Parsons lives in Los Angeles. In May 2012, The New York Times reported that Parsons is gay and at the time had been in a relationship Todd Spiewak for the last ten years. In October 2013, Parsons called their relationship "an act of love, coffee in the morning, going to work, washing the clothes, taking the dogs out—a regular life, boring love".


1981John K. Byrne is an American publisher, writer, and non-profit director. He is co-owner of Raw Story Media and AlterNet Media, which publish the online progressive political news sites and respectively. He is also the founder and Executive Director of Prevention 305, a nonprofit focused on increasing access to HIV prevention drugs in the Miami, Florida area. Prior to Raw Story, he wrote briefly for the Boston Globe and McClatchy Newspapers and has been published in The Atlantic. He is also a published fiction writer.

Byrne was raised in a suburb of Boston, Massachusetts. His mother is a circuit judge of the Massachusetts District Courts and his father is a family physician.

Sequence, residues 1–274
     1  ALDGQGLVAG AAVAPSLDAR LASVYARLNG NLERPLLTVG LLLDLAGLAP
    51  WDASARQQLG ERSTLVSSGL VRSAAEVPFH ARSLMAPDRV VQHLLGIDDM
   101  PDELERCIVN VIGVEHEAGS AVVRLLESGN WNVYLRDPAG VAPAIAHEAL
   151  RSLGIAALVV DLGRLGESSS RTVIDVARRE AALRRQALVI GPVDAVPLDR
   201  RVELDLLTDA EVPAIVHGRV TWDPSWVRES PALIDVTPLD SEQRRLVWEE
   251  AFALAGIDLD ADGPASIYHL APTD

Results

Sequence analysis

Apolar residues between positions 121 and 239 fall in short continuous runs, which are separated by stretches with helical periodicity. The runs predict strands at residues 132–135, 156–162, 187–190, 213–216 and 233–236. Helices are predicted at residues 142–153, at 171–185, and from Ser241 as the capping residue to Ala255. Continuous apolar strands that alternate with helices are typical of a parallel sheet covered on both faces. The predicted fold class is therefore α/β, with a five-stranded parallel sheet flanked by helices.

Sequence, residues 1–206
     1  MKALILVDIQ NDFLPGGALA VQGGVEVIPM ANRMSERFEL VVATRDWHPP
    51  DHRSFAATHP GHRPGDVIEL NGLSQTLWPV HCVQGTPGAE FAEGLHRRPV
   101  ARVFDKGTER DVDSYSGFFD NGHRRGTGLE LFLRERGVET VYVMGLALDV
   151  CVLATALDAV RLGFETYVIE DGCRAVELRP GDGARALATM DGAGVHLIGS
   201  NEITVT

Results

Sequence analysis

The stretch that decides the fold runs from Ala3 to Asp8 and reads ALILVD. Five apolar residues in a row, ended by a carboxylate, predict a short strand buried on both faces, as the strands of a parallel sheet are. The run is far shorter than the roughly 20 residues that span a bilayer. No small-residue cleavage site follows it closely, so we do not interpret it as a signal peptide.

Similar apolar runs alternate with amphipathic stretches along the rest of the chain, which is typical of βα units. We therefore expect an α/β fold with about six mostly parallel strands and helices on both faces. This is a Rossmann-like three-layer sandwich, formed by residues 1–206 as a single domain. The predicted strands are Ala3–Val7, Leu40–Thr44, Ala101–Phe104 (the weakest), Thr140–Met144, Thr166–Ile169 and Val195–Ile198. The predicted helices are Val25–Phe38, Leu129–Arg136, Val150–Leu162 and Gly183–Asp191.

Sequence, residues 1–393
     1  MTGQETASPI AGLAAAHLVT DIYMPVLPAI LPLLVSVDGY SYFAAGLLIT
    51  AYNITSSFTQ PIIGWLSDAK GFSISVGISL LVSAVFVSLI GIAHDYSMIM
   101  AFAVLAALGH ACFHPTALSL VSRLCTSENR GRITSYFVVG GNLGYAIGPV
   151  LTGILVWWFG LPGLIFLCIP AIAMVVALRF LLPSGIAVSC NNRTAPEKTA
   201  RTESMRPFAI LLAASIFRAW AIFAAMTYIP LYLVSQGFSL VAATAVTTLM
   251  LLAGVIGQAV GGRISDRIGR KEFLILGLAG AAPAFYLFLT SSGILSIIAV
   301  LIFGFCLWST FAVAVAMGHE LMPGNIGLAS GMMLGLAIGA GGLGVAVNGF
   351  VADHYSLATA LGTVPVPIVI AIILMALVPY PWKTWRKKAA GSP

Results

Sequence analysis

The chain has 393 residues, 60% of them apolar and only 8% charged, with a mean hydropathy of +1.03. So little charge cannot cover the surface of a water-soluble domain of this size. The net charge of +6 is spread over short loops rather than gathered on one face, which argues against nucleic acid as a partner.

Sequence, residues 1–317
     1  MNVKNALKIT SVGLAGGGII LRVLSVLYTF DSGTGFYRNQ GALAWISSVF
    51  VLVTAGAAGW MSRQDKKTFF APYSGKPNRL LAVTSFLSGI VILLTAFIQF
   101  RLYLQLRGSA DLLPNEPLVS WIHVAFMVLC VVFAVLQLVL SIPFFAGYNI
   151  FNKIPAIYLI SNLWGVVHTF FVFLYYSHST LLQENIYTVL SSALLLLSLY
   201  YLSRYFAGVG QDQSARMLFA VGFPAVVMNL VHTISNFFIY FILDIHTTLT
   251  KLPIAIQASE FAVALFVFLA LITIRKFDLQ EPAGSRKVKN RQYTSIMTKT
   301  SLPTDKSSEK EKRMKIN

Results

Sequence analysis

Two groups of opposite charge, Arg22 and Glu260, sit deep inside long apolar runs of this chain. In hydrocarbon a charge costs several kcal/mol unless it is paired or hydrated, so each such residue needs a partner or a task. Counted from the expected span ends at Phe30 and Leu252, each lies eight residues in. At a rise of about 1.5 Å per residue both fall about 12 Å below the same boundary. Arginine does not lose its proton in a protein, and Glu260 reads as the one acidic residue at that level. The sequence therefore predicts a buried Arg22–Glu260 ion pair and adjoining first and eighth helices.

Byrne attended Concord Academy and graduated from Oberlin College in 2003. At Oberlin College, he founded The Grape, which remains the college’s alternative student newspaper. He was also editor of the Oberlin Review, where he wrote an exposé about steroid abuse on the football team.

During college, Byrne worked as a stringer for The Boston Globe Northwest, a discontinued suburban section of the newspaper, and for McClatchy Newspapers as an intern in Washington, DC.

Byrne founded, which was first published on February 1, 2004. The site was originally conceived as a liberal version of the Drudge Report. In the early years, Raw Story focused on national security issues, American politics, and reporting on anti-gay political figures who were themselves closeted gays. Byrne founded Raw Story when he was 23. Byrne interviewed political figures and authors of the day, including former House Judiciary Chairman John Conyers and historian Howard Zinn. His reporting also focused on civil liberties, including articles critical of Presidents George W. Bush and Barack Obama's warrantless wiretapping program. In 2010, Byrne stepped down as editor of Raw Story. He remains the company's CEO.